The failure of Australia’s political leaders to agree on a way forward to tackle the global climate change threat as embodied by the voting down of the proposed emissions trading scheme (ETS) in the Senate today will have costly consequences.
For over two decades, since the Intergovernmental Panel on Climate Change (IPCC) was first asked to look at the risk posed by climate change, leaders and industry across the world have had a chance to act as the evidence increased and the scientific consensus strengthened that human activity is contributing to the warming of the planet. A warming that the IPCC and others contend could cause catastrophic social, economic and environmental impacts.
Australia has spent a great deal of public money on researching climate change, pulling together report after report for both domestic and international consumption, sending delegates to conferences, and paying the salaries of those in parliament to debate (pettily at best most of the time) and re-debate what should be done.
And business and the community have waited – not sure which way to invest, not sure which technologies to develop, and not sure what action will be demanded of them.
While the potential cost to the economy is often used as a tact to ward off action on climate change, the question of how much public money has been spent over the past 20 years and what benefits could have been generated by having taken action years ago is rarely raised.
Business needs legislative certainty to have the confidence to drive innovation and new market development – without it potentially lucrative opportunities go begging.
Both the Garnaut Review in Australia and the Stern Report in the UK noted taking action later will be more expensive economically speaking then moving quickly.
But now due to considerable energy put into lobbying efforts by big business likely to be affected by an ETS in Australia, continued climate change denial by several politicians, and the unfortunate political machinations of the Liberal Party, the waiting will now go on.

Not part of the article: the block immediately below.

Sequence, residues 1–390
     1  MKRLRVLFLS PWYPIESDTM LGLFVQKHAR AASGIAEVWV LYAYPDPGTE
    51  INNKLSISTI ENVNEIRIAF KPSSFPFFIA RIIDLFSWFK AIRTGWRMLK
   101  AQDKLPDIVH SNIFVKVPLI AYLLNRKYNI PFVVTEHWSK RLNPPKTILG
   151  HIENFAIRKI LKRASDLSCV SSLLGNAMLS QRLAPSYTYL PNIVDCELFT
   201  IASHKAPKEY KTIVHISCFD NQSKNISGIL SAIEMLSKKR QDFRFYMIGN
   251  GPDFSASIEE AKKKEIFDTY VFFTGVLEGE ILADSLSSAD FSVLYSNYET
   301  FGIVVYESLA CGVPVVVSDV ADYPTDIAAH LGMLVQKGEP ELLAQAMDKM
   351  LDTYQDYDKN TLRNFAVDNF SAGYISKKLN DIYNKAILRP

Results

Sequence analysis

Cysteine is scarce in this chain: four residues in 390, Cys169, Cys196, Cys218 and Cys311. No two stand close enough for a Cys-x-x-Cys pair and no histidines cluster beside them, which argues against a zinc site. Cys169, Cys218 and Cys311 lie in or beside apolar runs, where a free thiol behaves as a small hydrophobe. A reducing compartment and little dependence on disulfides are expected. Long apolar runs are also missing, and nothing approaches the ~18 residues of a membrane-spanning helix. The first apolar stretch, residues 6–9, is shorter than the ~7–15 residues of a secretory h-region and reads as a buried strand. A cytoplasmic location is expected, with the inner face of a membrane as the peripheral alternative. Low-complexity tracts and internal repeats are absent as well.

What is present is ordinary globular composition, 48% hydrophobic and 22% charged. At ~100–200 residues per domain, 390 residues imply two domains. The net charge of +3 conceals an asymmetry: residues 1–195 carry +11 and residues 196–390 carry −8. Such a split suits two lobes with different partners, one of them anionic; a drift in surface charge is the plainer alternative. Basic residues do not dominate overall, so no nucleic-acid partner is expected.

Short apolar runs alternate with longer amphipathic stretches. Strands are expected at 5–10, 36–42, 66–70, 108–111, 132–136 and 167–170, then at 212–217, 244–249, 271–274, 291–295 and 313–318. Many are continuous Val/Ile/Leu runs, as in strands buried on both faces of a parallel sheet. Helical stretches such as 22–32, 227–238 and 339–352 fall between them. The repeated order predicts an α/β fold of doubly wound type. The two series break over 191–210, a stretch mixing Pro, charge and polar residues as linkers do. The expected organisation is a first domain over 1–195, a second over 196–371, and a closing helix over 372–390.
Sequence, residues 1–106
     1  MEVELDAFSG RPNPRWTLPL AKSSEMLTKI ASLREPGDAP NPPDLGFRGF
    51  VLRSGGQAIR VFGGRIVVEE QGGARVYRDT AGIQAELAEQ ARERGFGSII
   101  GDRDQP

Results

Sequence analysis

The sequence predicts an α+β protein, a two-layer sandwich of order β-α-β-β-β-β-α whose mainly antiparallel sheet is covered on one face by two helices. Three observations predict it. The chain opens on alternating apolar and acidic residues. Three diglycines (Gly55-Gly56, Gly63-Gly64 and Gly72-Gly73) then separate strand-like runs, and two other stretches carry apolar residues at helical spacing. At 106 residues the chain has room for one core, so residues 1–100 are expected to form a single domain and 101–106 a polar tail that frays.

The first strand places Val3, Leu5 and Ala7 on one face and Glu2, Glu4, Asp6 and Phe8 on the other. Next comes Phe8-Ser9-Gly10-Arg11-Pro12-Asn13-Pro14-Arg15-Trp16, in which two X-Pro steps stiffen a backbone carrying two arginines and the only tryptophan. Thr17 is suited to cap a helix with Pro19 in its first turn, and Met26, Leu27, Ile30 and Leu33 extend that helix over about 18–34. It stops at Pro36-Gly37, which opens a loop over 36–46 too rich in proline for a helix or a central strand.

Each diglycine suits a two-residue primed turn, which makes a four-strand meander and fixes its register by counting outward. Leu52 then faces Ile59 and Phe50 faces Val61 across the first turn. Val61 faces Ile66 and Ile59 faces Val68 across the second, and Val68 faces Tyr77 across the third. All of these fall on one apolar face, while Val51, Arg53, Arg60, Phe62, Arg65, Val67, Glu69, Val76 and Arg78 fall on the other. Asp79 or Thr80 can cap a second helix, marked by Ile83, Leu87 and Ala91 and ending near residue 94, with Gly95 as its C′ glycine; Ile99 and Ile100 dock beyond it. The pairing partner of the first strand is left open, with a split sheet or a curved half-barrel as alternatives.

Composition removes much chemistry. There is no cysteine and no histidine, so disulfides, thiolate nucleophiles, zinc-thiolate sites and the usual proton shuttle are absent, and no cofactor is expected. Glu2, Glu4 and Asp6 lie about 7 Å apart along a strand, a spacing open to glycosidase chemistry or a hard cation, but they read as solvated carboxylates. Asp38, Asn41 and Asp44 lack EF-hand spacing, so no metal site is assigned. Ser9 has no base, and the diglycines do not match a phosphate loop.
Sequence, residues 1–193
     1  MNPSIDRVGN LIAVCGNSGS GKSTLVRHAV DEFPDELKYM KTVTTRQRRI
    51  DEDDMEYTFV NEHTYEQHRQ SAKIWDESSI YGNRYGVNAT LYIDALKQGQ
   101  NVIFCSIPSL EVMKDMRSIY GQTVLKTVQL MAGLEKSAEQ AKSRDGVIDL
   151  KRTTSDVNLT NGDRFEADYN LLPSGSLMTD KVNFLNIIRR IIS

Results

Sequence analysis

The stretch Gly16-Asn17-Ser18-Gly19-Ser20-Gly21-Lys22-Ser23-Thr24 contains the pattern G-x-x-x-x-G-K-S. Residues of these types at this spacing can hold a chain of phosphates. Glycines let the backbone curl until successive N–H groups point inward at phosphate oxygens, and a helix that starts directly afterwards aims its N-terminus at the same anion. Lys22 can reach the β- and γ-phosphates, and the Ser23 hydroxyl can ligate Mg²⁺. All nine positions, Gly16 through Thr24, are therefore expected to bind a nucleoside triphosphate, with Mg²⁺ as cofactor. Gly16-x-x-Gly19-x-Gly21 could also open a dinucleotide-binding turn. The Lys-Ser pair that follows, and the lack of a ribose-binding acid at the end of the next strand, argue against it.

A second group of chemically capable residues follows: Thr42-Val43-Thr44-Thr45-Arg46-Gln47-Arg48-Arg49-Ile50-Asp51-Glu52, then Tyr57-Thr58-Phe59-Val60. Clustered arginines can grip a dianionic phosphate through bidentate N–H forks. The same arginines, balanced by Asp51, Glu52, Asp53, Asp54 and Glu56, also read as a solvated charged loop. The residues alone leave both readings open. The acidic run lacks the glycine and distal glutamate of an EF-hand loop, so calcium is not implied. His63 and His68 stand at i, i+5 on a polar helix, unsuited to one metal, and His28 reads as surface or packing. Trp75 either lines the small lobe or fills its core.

And that spells extra cost of the kind that shows on the bottom line and also in discussions of opportunity loss.
Yet, aside from the arguments around cost / benefits to the broader macro-economy climate change has generated, this week’s outcome also raises the question – what is the cost to the Australian public purse of being forced to wait longer for certainty on climate change action? How much does it go up every month we wait?
Regardless of what happens in international negotiations for a replacement to the Kyoto Protocol in Copenhagen this month – where Australia will now present itself as somewhat of a free-loader with little legitimacy to argue for anything to be done by other nations both developed and emerging or position itself to gain a more favourable outcome – it is likely another round of politicking and lobbying will ensue when parliament resumes next year.
And whichever way you spin it, the continued uncertainty equals extra cost to the tax payer.
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